The color purple is attracting particular attention this season. We hope that’s true at the Minnesota Legislature, where the Senate’s bipartisan, moderate-minded “Purple Caucus” is pitching a change aimed at more orderly and transparent lawmaking at a legislative session’s end.

The caucus Thursday proposed a new deadline — one week before a session’s constitutionally required adjournment date, which is May 23 this year — for conference committees to produce the final versions of major spending and tax bills and send them to the House and Senate floors.

Last year, to the consternation of many Minnesotans with a stake in legislation, those bills came out of conference committees in the last three days of the session, and at least one appeared in the wee hours of the session’s final day. Insufficient time was allotted for legislators to digest the bills and for stakeholders to react to them before their enactment.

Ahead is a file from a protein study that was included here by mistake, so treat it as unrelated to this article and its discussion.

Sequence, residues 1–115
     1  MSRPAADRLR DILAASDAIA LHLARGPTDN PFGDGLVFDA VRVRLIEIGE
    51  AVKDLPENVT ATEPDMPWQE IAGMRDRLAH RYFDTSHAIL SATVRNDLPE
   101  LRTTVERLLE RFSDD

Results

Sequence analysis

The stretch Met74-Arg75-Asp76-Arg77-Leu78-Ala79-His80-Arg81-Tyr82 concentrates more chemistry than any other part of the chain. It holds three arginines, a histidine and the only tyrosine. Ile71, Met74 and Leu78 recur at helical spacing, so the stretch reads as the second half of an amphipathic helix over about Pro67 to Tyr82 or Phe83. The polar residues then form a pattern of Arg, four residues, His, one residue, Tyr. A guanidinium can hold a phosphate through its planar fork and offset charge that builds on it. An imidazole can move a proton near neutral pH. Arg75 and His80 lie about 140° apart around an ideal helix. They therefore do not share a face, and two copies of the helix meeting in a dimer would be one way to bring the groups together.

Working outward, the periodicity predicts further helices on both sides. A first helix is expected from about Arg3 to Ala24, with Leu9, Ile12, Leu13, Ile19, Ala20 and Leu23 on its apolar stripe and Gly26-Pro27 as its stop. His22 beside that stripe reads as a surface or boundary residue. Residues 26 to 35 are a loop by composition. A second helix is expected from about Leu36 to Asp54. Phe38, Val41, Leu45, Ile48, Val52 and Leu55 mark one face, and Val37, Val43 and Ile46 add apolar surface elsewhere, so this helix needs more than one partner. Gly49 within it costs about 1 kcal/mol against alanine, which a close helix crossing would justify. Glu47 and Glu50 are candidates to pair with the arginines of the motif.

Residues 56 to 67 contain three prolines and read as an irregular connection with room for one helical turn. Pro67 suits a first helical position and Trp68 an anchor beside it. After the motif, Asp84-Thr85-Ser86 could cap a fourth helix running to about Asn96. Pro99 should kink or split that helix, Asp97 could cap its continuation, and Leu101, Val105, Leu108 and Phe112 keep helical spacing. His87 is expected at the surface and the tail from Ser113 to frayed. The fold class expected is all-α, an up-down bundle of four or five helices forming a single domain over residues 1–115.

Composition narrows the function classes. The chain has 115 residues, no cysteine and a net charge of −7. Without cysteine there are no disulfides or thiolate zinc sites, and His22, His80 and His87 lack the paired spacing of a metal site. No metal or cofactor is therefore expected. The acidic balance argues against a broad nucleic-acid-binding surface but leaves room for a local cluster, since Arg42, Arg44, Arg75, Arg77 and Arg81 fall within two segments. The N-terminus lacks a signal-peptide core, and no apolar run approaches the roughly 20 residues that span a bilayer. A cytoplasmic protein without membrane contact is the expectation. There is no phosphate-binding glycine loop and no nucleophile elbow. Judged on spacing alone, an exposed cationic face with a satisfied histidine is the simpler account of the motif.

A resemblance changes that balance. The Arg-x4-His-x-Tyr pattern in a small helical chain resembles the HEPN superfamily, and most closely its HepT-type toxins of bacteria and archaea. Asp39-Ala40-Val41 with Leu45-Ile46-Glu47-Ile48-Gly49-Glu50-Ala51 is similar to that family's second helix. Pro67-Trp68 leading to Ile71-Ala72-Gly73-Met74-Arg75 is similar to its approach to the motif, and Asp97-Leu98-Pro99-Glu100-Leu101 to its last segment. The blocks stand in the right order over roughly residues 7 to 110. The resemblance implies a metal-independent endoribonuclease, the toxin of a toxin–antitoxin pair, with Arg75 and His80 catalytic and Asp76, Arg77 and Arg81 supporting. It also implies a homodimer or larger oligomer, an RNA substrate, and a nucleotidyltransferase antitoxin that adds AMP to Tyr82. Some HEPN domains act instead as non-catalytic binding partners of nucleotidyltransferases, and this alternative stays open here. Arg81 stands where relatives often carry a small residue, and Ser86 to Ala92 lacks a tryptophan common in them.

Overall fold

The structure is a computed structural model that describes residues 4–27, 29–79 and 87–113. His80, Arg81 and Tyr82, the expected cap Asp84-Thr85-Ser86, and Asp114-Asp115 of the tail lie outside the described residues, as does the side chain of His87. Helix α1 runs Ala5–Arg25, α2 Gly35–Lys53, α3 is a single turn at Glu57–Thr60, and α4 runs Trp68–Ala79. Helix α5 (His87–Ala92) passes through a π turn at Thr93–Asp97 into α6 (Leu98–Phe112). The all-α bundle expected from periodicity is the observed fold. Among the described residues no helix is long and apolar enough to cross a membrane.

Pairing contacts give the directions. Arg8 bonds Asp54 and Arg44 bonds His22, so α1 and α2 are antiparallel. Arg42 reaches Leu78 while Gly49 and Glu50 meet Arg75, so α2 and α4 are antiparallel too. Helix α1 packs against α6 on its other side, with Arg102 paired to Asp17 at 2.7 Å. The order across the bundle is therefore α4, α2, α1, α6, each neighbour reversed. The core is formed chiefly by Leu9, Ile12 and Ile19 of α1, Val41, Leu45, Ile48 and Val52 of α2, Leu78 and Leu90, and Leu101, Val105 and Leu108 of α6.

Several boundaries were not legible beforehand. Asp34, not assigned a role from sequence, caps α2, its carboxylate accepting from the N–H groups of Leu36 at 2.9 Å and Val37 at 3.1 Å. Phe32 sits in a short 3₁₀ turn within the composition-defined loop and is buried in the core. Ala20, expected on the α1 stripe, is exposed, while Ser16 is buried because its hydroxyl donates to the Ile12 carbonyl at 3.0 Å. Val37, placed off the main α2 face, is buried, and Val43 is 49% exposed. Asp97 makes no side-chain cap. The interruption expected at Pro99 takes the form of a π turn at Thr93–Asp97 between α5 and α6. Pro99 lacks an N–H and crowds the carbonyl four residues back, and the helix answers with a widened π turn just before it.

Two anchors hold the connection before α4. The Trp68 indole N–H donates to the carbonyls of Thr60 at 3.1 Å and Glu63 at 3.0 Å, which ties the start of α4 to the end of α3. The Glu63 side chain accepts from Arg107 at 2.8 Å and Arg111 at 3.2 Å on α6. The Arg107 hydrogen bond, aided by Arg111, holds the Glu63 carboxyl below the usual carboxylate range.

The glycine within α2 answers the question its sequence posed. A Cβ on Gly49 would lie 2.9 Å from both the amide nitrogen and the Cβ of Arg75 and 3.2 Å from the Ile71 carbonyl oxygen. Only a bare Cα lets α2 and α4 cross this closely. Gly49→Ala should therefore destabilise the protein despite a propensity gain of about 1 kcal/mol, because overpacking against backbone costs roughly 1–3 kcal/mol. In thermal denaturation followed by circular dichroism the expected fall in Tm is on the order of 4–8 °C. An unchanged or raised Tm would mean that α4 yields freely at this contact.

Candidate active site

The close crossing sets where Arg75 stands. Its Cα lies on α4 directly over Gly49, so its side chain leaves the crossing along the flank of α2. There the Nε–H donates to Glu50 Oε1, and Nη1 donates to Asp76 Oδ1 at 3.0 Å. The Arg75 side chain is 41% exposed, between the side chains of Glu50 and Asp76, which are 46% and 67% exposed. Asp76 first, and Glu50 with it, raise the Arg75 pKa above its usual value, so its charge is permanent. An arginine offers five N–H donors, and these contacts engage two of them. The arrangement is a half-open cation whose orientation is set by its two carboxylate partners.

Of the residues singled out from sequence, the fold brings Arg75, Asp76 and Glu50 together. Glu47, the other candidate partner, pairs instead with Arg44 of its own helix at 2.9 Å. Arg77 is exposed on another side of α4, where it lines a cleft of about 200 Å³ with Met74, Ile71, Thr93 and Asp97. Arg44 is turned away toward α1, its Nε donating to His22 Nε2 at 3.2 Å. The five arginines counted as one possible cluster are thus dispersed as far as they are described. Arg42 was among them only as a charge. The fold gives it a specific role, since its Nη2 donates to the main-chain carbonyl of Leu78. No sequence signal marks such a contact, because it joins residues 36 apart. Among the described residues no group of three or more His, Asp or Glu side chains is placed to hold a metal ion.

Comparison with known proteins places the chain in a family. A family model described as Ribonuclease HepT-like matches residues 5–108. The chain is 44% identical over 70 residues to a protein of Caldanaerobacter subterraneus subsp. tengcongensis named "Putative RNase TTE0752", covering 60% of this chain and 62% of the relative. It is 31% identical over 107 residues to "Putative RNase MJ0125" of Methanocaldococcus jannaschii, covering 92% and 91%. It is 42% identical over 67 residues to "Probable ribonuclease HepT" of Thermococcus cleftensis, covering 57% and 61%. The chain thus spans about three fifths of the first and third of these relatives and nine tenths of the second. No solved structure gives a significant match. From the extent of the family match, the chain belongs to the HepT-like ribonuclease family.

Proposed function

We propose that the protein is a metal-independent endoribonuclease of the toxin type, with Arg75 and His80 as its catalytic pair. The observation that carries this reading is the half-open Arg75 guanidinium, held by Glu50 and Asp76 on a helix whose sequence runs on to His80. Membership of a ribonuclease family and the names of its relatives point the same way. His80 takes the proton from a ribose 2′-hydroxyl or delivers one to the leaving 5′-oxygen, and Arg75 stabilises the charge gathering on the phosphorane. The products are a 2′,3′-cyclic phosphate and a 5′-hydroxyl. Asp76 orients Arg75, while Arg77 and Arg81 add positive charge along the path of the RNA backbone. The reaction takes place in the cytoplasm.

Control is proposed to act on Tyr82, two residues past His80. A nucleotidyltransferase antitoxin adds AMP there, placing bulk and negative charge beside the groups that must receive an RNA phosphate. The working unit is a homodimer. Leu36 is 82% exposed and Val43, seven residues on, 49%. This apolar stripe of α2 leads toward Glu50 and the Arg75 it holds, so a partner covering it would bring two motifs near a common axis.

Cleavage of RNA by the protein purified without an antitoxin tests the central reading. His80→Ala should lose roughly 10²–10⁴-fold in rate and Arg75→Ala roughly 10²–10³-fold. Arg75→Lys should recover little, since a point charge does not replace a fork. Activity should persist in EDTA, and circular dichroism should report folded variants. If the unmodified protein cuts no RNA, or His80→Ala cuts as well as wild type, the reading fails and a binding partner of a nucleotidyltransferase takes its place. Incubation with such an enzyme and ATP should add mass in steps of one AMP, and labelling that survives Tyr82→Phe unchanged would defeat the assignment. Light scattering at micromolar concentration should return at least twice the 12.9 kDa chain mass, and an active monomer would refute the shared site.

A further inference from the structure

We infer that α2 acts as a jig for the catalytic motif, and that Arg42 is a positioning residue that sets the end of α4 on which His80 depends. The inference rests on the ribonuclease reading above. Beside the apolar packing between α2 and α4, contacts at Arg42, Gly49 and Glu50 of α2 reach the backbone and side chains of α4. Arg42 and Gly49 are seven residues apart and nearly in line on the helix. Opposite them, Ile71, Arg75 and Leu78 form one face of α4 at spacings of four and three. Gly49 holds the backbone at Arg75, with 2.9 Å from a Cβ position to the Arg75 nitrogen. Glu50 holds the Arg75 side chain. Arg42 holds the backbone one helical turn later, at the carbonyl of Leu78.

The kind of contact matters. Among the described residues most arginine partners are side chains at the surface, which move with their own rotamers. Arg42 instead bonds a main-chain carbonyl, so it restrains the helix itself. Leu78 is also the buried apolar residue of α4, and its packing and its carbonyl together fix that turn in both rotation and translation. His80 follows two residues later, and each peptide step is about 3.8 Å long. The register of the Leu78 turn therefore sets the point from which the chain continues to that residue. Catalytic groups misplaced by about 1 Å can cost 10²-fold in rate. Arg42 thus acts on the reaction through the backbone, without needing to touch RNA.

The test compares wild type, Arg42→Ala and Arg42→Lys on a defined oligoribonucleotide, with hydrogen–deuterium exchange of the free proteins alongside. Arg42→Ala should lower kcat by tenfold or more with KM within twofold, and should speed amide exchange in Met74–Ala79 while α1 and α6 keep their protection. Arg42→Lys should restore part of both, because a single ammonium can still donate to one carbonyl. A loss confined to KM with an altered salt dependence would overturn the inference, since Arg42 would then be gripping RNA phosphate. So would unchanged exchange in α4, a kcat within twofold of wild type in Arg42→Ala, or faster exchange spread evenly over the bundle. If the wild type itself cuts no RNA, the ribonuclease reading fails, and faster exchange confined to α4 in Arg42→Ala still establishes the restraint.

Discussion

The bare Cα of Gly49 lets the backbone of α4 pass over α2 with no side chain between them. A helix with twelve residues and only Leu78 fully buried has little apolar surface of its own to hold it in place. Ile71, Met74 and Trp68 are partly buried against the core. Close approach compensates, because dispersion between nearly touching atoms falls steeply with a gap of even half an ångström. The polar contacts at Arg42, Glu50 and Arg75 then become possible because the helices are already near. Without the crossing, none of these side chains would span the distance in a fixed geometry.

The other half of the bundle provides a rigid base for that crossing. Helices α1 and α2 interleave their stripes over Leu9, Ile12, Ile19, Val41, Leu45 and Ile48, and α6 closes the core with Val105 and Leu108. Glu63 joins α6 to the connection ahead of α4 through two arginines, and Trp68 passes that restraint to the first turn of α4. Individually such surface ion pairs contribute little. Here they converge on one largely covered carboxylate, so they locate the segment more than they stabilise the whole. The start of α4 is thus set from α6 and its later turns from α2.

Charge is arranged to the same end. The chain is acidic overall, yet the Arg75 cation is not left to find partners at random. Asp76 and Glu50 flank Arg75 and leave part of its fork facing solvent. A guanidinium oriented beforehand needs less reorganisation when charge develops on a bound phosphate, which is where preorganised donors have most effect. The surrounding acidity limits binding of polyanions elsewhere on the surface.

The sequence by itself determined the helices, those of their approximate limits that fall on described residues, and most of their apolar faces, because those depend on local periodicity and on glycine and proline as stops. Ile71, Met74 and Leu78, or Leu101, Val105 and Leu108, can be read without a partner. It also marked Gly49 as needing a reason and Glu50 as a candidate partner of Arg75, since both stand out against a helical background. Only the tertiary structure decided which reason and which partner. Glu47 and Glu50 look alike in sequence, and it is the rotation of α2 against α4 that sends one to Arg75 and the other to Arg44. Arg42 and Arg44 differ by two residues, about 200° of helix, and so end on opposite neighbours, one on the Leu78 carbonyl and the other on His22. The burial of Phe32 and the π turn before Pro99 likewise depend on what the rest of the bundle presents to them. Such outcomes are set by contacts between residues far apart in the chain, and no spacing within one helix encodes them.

Earlier action by conference committees is much in order. But it’s not clear that by itself, an earlier deadline would be effective or enforceable. Deadlines are frequently waived by the Legislature’s rules committees when delay serves leaders’ desires. Leaders are loath to take over negotiating duties for a stalled conference committee until the constitutional deadline gives them no alternative.

But even as only a goal, a conference committee deadline could be a useful prod to action. Better still would be recognition among legislative leaders that Minnesotans were disgusted by the delays and disorder at the end of the 2015 session and will hold incumbents to account if that bad show is repeated.